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Blogging for Teaching and Research


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Slides for my session on blogging in the Humanities in the Digital Age workshop at the 2010 AHA annual meeting.

Slides for my session on blogging in the Humanities in the Digital Age workshop at the 2010 AHA annual meeting.

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  • 1. Humanities Blogging for Teaching and Research in the Jeremy Boggs Creative Lead Center for History and New Media Digital Age
  • 2. What are Blogs? Weblogs are database-powered, date-driven, syndicated web publishing systems. They let you easily publish “posts” or “articles” to the web, and notify readers of new content. Readers can subscribe to your blog, leave comments, or write posts in response.
  • 3. Twitter to connect, blogs to reflect
  • 4. Great Examples ‣ CUNY Academic Commons ( - Blog network for the City University of New York. ‣ UMWBlogs ( - Blog network for the University of Mary Washington. ‣ Hypothèses ( - Research notebooks in the Social Sciences (France). ‣ Planned Obsolescence by Kathleen Fitzpatrick
  • 5. Individual vs. Group Blogs
  • 6. Group Blogs ‣ Everyone posts to the same blog, as individual authors. ‣ Course content is much more centralized, makes it a bit easier to manage. ‣ Group blogs may affect types of assignments, number of posts/ comments.
  • 7. Individual Blogs ‣ Each individual has her/ his own blog. ‣ Content is much more decentralized, makes news readers more important. ‣ Provides opportunity for individual identity and ownership to develop, “A domain on one’s own.”
  • 8. Blog Planets ‣ A blog planet is a blog that aggregates and republishes the content from other blogs ‣ Useful for small courses, where students have individual blogs. Can be aggregated in a larger course blog.
  • 9. Hosted vs. Self-Installed
  • 10. Self-Installed Blogs ‣ Requires server space, other skills to install and maintain. ‣ Much more freedom for customization; Add whatever plugins and themes you wish. Install as many blogs as you want.
  • 11. Hosted Blogs ‣ No need for hosting account or server space; The blog is hosted for you. ‣ Little opportunity for customization, installing your own plugins and themes. ‣ Universities increasingly installing their own hosted blog systems.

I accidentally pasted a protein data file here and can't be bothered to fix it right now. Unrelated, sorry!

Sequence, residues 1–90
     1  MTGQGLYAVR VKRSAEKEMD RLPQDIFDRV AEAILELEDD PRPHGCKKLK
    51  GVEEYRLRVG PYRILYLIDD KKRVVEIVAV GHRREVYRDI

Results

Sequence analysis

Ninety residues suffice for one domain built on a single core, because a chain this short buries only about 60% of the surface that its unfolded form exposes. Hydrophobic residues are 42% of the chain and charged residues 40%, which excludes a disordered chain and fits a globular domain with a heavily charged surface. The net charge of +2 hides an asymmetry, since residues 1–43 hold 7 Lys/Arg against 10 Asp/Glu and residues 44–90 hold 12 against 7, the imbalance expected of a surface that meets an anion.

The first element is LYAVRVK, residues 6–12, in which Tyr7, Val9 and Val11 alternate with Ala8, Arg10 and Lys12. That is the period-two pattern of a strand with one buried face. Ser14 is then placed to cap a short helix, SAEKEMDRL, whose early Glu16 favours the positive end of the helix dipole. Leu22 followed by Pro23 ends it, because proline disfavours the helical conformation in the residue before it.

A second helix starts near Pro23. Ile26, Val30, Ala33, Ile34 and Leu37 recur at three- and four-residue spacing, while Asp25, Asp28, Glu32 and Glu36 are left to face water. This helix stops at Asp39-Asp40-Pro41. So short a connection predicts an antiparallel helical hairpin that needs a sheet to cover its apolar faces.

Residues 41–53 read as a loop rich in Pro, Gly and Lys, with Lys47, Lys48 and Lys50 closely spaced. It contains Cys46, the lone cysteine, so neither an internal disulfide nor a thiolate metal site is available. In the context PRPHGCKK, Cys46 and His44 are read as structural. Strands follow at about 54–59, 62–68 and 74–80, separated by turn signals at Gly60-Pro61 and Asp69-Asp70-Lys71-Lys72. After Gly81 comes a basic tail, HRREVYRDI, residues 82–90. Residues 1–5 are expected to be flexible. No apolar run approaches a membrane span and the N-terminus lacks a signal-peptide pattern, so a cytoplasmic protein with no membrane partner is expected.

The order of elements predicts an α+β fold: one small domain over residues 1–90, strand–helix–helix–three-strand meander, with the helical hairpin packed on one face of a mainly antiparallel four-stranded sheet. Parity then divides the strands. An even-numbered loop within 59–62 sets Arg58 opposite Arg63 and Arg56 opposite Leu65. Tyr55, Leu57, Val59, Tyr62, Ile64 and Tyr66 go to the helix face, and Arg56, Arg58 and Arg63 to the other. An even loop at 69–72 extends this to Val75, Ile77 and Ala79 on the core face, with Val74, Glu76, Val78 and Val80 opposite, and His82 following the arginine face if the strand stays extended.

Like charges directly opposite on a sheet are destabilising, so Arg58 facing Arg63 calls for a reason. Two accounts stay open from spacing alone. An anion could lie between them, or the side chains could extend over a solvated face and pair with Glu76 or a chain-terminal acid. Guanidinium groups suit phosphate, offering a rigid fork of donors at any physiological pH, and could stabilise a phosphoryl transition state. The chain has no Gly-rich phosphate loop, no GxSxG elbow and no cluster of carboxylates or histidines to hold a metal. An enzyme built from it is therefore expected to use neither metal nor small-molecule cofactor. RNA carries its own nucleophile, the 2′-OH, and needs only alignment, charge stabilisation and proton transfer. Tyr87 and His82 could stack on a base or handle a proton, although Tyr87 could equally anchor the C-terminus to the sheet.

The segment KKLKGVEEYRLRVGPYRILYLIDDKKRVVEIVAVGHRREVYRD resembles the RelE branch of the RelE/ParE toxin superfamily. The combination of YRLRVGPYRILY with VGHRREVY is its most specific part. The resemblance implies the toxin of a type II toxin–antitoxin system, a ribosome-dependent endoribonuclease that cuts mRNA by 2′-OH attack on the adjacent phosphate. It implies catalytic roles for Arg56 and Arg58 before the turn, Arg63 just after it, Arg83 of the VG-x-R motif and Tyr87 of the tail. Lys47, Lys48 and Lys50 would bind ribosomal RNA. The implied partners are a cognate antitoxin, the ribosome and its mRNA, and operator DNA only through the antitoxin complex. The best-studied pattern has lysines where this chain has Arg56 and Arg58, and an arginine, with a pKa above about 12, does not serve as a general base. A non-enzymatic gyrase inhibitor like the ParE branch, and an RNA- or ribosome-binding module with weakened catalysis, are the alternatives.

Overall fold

• 12. Contexts
  • 13. The Teacher ‣ Goals—Share course materials and updates, provide students with a space for students to publish, discuss, experiment with ideas. ‣ Tools ‣ ‣ Self-installed blog ‣ ScholarPress Courseware - easy course management ‣ WP Book - turns WP blog into Facebook application ‣ Role Scoper - More granular control over use permissions ‣ User Extra Fields - Add more fields to user registration
  • 14. Courseware ‣ Easy course management. ‣ Add schedule entries, fill in bibliography items, and create assignments ‣ Calendar syndication
  • 15. WP Book ‣ Helps make your blog a Facebook application ‣ Another way for students to access course information
  • 16. Role Scoper ‣ Lets you add more granular permissions to a group blog.
  • 17. User Extra Fields ‣ Plugin that allows you to add extra fields to user registration ‣ Useful for: ‣ Biography ‣ Links to other accounts ‣ Images ‣ URLs
  • 18. The Researcher ‣ Goals—Create a space for sharing and reflecting on research process, try out ideas, publish (and take ownership of) ideas early! ‣ Tools ‣ ‣ Self-installed blog ‣ CommentPress ‣ Citation Aggregator ‣ Myriad plugins for footnotes. ‣ News reader
  • 19. CommentPress - Granular comments and discussion
  • 20. Citation Aggregator - Pull in citations from other services
  • 21. Thanks! A list of resources, with links to every site mentioned here, is available at:
  • 22. More Questions? Lets talk later! ‣ ClioWeb – ‣ Twitter – ‣ Email: ‣ Instant Messenger – jboggs22 (AIM); jeremyboggs (Yahoo!) ‣ GitHub - ‣ Zotero – ‣ SlideShare –